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#1 By Doug at 7/11/2017 3:48 AM

Not sure if I'm buying your call on the bottom. Unemployment not only has to stabilize, but also needs signs that employment is starting to rise, that is not happening nationally as well as locally. We also need a more diversified job market here. When Tallahassee had a chance to attract an new industry..(Biomass Gas & Electric) gave a cold shoulder to it. Other companies take note of a local communities business climate and this did not show us in a good light for attracting more outside industries. I know attracting industry is a long term problem and would not effect any short term bump in sales, but attracting industry and business could help balance an unequal tilt towards government jobs in this area. The sales increase you mention , now includes short sales and foreclosures. This phenomena has never been a factor in previous history of sales. With state and local tax revenue decreasing, the future effects on government unemployment has not showed the full effect yet. The 8% home buyer credit will expire in November.....causing a false bump up in sales before its end, but surely a fall off in sales activity after November. In past recessions and downturns the recovery was fueled by the consumer using their house ATM (home equity) to stimulate the economy. That source is gone now. The availability of credit to the consumers and small businesses is not there. Look at the local businesses that have closed or on the brink of many are barely hanging on? There are so many variables that could prolong this mess, like higher interest rates, more unemployment, higher gas prices, a ballooning deficit fueling future inflation, higher taxes, more foreclosures. I just do not see the fundamental change that is needed to call a bottom yet. I hope I am wrong and you are right. Thank god you are not the typical industry mouth piece that seems to call a bottom every month. It will be an interesting next 6 months.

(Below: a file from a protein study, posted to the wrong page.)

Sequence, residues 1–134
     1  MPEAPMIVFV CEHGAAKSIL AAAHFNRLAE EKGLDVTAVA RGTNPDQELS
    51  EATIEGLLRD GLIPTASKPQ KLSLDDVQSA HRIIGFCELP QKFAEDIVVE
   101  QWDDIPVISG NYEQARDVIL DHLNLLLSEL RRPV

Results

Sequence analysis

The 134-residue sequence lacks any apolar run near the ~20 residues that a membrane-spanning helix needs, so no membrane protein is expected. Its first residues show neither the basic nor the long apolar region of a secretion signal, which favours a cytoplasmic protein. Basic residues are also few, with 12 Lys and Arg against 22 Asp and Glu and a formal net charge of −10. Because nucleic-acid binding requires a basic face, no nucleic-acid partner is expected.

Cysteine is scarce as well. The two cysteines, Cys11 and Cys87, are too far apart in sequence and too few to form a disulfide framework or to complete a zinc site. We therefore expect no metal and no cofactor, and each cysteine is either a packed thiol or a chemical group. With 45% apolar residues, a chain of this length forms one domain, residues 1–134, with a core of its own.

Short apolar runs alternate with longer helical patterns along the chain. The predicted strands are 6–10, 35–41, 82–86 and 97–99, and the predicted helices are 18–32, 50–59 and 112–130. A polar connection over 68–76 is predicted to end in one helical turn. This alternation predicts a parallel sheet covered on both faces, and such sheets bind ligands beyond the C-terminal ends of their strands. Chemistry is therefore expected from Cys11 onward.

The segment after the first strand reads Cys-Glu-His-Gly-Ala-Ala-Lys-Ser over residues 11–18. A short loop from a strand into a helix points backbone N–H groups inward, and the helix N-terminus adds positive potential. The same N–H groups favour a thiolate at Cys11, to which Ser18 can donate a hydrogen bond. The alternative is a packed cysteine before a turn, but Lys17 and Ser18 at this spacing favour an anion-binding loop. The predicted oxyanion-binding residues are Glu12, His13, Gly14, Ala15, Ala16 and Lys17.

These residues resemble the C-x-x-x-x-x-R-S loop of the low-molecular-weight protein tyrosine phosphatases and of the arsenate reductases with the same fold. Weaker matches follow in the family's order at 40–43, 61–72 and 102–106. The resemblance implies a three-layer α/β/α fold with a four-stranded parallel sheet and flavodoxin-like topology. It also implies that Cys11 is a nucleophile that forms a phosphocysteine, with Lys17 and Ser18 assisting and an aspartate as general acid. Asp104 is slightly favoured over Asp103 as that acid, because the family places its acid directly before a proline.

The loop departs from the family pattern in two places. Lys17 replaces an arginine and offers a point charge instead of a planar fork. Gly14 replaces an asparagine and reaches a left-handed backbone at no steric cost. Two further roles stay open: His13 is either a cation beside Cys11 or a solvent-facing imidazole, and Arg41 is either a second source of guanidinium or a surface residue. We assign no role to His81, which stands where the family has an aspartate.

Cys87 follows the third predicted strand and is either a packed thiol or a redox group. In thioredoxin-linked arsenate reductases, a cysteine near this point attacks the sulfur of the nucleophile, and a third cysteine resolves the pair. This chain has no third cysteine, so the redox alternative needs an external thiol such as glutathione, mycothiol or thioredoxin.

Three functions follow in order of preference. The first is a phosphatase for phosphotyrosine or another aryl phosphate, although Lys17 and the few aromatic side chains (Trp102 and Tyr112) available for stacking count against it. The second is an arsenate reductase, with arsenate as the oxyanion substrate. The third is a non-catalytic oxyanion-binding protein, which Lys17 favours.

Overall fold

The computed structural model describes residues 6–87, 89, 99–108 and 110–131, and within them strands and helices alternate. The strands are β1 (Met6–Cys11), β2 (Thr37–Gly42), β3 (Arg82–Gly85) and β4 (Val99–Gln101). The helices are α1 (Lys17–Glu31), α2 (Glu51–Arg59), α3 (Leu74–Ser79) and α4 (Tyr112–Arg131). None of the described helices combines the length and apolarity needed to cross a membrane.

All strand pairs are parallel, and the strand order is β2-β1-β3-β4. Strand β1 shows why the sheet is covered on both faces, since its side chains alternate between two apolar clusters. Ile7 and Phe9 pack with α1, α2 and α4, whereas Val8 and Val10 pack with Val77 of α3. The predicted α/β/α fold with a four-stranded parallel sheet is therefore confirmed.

#2 By Joe Manausa at 7/11/2017 3:48 AM

Thanks for the detailed comment Doug. I agree with all of your points. Here is something to consider ...

The "turn of the market" is not the "return of the market." It is just the lowest point in unit sales. After the turn, prices will continue to drop until market equilibrium is reached (6 months of supply, plus or minus).

Anyway, time will tell. This is my first call since November when I said it could happen this year (but no earlier than March).